“Aaden will undergo Stereo EEG placement,” Dr. Perry said. “The initial preoperative workup has localized his seizure onset to a region of the brain on the right side-most likely towards the back part, but he has a number of tubers and potentially epileptogenic areas within the region we’ve localized. We will use Stereo EEG to further hone the localization of seizure onset in hopes of limiting any potential resection to the smallest area possible. We will place a number of depth electrodes into the brain to map out the area of onset – the epileptogenic network. From that information, we will then propose a final epilepsy surgery option to the family.”
Dr. Perry carefully explains the procedure. They talk about the possible risks. For this procedure and where the placement is taking place, a loss of vision is the biggest concern if they have to take out brain tissue in the back, but they hope to avoid this with more precise mapping through Stereo-EEG.
Stephanie admits to being scared, but she also lets Dr. Perry know she believes in him and trusts him completely. They finish talking about the procedure. Dr. Perry asks Stephanie if she has any more questions. Then he examines Aaden briefly before telling the family goodbye.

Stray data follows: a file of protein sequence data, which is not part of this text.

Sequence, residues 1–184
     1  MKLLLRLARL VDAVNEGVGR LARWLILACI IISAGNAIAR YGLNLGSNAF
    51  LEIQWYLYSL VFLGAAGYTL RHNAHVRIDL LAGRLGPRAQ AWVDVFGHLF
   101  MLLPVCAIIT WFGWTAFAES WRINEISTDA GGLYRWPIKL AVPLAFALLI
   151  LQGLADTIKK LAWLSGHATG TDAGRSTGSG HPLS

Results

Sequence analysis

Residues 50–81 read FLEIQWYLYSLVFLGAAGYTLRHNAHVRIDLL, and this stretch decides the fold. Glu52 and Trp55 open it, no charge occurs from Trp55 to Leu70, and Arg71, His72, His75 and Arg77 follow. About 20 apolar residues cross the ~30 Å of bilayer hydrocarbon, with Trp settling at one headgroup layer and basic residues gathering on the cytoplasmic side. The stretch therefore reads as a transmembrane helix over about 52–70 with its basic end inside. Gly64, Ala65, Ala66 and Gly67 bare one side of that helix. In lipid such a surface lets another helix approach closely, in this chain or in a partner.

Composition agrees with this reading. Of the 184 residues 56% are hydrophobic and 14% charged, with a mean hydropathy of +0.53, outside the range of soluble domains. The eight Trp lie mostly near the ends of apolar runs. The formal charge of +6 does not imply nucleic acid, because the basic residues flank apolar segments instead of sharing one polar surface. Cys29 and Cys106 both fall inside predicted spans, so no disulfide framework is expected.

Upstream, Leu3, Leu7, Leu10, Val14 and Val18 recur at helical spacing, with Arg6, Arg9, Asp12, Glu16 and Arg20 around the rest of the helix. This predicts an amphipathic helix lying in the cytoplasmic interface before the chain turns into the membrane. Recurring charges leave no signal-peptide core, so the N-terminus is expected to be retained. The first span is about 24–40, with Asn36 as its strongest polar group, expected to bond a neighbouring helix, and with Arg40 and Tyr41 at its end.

Next up, Dr. Donahue walks into the room. The seasoned neurosurgeon has performed countless surgeries on children’s brains, but he knows this is never a moment that the patients’ families take for granted.
He tells Stephanie he understands she’s nervous. He goes over the details of the surgery. He explains the look of the electrodes that will be placed in Aaden’s brain (think piano wires). He lets her know that this is what’s best for Aaden as they look ahead to a resective surgery that will hopefully help control or even end the little boy’s seizures.
By the end of the meeting, you can see a different Stephanie. She’s still scared, but there is new found assurance and confidence of the people taking care of her little boy.
Dr. Perry sympathizes with Stephanie, but he is confident this is the best opportunity to help Aaden.